43. 43.0 43.1 Rota, C.; Carles, D.; Schaeffer, V.; Guyon, F.; Saura, R.; Horovitz, J. (Nov 2006). "[Perinatal prognosis of pregnancies complicated by placental chronic intervillitis].". J Gynecol Obstet Biol Reprod (Paris) 35 (7): 711-9. PMID 17088773.
  44. Sebire, NJ.; Backos, M.; Goldin, RD.; Regan, L. (May 2002). "Placental massive perivillous fibrin deposition associated with antiphospholipid antibody syndrome.". BJOG 109 (5): 570-3. PMID 12066949.
  45. Baergen, Rebecca N. (2011). Manual of Pathology of the Human Placenta (2nd ed.). Springer. pp. 327. ISBN 978-1441974938.
  46. Baergen, Rebecca N. (2011). Manual of Pathology of the Human Placenta (2nd ed.). Springer. pp. 367. ISBN 978-1441974938.
  47. 47.0 47.1 Marchetti, D.; Belviso, M.; Fulcheri, E. (Mar 2009). "A case of stillbirth: the importance of placental investigation in medico-legal practice.". Am J Forensic Med Pathol 30 (1): 64-8. doi:10.1097/PAF.0b013e318187387e. PMID 19237859.
  48. Stevens NG, Sander CH (October 1984). "Placental hemorrhagic endovasculitis: risk factors and impact on pregnancy outcome". Int J Gynaecol Obstet 22 (5): 393–7. PMID 6151926.
  49. Sander CM, Gilliland D, Akers C, McGrath A, Bismar TA, Swart-Hills LA (February 2002). "Livebirths with placental hemorrhagic endovasculitis: interlesional relationships and perinatal outcomes". Arch. Pathol. Lab. Med. 126 (2): 157–64. PMID 11825110.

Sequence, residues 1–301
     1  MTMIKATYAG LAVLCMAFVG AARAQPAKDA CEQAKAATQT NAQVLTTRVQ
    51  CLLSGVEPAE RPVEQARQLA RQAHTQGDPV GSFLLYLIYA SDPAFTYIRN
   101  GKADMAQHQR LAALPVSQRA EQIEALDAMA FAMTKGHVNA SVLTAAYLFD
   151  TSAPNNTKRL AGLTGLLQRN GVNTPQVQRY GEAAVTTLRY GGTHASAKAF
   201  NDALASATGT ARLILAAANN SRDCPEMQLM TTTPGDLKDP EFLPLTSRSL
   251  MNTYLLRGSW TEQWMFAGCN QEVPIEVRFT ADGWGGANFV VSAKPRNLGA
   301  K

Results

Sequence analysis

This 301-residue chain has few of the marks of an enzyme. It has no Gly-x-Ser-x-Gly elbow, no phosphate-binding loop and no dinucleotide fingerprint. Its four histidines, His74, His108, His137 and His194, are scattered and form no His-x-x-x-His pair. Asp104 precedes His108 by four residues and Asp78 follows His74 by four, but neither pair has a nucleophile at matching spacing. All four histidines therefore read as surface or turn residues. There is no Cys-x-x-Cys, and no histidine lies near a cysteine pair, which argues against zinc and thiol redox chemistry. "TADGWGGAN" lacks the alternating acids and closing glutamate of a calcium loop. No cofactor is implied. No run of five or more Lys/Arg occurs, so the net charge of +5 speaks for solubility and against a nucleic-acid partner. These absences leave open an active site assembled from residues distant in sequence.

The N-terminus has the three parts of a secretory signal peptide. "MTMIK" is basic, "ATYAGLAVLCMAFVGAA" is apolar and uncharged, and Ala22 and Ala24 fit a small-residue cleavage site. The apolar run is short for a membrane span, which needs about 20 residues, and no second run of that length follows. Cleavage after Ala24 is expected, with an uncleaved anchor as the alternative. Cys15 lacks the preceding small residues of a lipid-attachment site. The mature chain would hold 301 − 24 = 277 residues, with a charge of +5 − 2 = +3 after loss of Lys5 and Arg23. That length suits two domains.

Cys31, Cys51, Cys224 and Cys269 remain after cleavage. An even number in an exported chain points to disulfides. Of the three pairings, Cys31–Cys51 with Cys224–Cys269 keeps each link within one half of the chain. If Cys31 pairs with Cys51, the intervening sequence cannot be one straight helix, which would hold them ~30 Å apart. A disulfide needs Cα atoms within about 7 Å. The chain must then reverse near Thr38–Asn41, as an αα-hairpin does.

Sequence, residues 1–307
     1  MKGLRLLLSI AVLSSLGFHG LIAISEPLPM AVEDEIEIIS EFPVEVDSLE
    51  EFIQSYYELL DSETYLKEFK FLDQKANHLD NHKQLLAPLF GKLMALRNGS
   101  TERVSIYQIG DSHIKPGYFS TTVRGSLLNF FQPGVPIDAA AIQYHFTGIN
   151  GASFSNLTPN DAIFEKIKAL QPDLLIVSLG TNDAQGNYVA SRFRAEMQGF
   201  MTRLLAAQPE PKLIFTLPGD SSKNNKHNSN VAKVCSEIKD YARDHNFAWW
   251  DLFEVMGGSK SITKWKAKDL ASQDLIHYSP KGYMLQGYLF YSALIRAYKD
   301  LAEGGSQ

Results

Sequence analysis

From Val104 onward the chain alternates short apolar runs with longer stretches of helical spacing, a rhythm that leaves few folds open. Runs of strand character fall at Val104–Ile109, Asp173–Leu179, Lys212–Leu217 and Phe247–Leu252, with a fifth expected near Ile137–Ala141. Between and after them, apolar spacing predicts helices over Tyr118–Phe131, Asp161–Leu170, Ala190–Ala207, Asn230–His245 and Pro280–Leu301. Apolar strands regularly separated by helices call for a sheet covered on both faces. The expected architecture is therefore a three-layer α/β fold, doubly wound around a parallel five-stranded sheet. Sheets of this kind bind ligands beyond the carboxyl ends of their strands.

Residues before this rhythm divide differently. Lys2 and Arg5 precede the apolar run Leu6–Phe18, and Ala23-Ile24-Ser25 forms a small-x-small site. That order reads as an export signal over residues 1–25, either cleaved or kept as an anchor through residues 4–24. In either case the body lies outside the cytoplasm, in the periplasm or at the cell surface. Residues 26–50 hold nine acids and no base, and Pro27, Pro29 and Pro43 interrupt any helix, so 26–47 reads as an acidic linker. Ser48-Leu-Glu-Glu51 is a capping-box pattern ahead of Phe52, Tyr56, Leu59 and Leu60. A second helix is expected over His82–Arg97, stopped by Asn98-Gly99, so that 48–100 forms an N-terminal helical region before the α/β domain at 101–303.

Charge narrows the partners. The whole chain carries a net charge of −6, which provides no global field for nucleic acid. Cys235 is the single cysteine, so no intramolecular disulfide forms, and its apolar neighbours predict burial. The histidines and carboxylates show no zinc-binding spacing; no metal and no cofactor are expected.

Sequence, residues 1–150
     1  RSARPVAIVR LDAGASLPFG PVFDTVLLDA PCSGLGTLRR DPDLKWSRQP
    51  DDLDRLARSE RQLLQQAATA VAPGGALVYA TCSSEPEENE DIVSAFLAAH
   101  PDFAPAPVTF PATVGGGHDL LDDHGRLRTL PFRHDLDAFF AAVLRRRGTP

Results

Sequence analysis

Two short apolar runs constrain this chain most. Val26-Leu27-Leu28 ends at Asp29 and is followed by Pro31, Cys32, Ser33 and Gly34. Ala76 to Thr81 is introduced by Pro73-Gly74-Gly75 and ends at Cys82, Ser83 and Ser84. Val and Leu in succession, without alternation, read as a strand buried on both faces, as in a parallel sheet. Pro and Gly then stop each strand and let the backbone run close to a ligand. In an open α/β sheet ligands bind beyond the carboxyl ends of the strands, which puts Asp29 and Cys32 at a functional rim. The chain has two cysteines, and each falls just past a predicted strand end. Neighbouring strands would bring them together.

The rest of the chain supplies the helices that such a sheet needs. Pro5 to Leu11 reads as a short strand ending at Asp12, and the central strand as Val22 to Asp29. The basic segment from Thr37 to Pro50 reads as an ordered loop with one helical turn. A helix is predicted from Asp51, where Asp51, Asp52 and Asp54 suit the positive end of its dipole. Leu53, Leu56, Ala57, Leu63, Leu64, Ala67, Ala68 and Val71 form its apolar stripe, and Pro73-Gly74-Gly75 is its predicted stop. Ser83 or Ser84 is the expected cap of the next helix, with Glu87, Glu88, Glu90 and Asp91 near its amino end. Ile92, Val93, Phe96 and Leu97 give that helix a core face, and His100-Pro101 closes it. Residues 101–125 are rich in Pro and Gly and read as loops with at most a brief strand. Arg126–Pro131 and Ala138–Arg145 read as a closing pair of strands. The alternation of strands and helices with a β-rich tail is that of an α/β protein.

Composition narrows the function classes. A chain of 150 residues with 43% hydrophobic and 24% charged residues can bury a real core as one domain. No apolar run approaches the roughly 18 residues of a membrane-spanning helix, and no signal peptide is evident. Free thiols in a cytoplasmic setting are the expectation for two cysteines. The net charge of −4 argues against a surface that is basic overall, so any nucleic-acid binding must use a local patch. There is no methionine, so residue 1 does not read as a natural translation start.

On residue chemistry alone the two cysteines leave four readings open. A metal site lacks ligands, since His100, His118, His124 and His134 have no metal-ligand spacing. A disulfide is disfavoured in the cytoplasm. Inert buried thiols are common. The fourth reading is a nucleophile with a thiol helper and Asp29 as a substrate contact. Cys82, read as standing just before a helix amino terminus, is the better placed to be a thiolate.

50. 50.0 50.1 Soma H, Yoshida K, Mukaida T, Tabuchi Y (1982). "Morphologic changes in the hypertensive placenta". Contrib Gynecol Obstet 9: 58–75. PMID 6754249.
  51. Sherman, C. 7 February 2011.
  52. URL: http://path.upmc.edu/cases/case655/dx.html. Accessed on: 28 January 2012.
  53. Baergen, Rebecca N. (2011). Manual of Pathology of the Human Placenta (2nd ed.). Springer. pp. 219-220. ISBN 978-1441974938.
  54. 54.0 54.1 54.2 Brown, DL.; DiSalvo, DN.; Frates, MC.; Davidson, KM.; Genest, DR. (Jun 2002). "Placental surface cysts detected on sonography: histologic and clinical correlation.". J Ultrasound Med 21 (6): 641-6; quiz 647-8. PMID 12054300.

Recommended reading

External links